What it does
We're solving a problem which can be summarised with a simple question - what do prescription glasses wearers do when the sun shines? With Gilaasi Finetunes you just tap. Tap right for sunglasses and tap left for glasses.
I bought my first, and only, pair of photochromic lenses because I thought automatic sunglasses would equal automatic sophistication when the sun shines. I was wrong. My 'Eureka moment' wasn't a single moment in time but it was more a series of moments in which I would walk into rooms still wearing sunglasses (because photochromic lenses take so long to adjust). After being teased one time too many by friends and coworkers, I decided there must be a better way.
How it works
Gilaasi Finetunes consist of four core elements. The printed circuit board (PCB), the battery, the adjustable lenses and the frame to enclose these elements and the wiring. The PCB rests in one temple and the battery in the other. The PCB controls a current which is passed through the adjustable lenses (in our prototype we have used liquid crystal technology for this). When no current is passed through the lens, you have clear glasses. When a current is passed through the lenses, the liquid crystals orient themselves in such a manner that not as much light passes through, so you have your tint effect and hence sunglasses.
We have developed three prototypes so far. Our first consisted of just two adjustable lenses connected to a relatively large PCB (43mm x 20mm x 20mm). In order to control the tint of the lens, you rotated a small knob. This was a proof-of-concept to illustrate the effect. For our second prototype, we retrofitted a pair of glasses with adjustable lenses (which sat on top of the glasses' lenses). We stuck a battery to one of the temples and a smaller PCB (55mm x 12mm x 4mm) to the other with tape. We had our first pair of Finetunes. However, it was very ugly with wires stuck onto the frame. Also, we used buttons to adjust the tint level. For our most recent prototype, we 3D printed a glasses frame into which the battery, PCB and wires could be hidden with the adjustable lenses placed in the two front apertures. We also decided that having buttons on glasses was a foreign concept which wasn't very user-friendly. So we figured that we could fit an accelerometer onto the PCB without increasing its size, which allowed for tint control with just a tap. We will still need further iteration to make our final product as this prototype is still not as aesthetic as we want. However, it functions essentially as the final product will.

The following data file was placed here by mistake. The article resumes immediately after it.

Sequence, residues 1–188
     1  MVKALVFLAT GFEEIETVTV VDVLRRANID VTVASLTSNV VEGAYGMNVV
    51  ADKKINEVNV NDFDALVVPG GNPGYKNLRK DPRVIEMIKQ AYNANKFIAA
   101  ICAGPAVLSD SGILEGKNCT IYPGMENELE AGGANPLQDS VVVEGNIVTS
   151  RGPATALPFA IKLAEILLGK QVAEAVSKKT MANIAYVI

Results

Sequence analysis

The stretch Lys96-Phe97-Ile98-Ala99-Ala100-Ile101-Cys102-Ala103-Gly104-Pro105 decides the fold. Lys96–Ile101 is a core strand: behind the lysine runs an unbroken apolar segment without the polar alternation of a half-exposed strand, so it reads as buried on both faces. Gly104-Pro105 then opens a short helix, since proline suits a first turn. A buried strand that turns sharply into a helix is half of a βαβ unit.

How it is different
The closest product to Finetunes on the market are photochromic lenses. These glasses adjust from clear to tinted upon exposure to UV light. They take about five minutes to adjust from tinted sunglasses to clear glasses once they are no longer exposed to UV light. There are two key differences with Finetunes. First is control. The wearer controls the adjustment between glasses and sunglasses. With photochromic lenses you have no control over when the glasses tint. Second is speed. Finetunes can adjust between states in less than once second, whereas photochromic lenses take several minutes.
The next step is to finalise prototype iteration and develop aesthetic samples which are designed for manufacture (these will look and feel like the final product). With these samples we could test, and iterate further, with consumers before beginning marketing our pre-order or crowdfunding campaign for the product. We would also secure letters of intent from opticians and retailers. We would subsequently begin mass manufacture of the first production run. Our goal is to be the market leader of what will be a new niche of eyewear.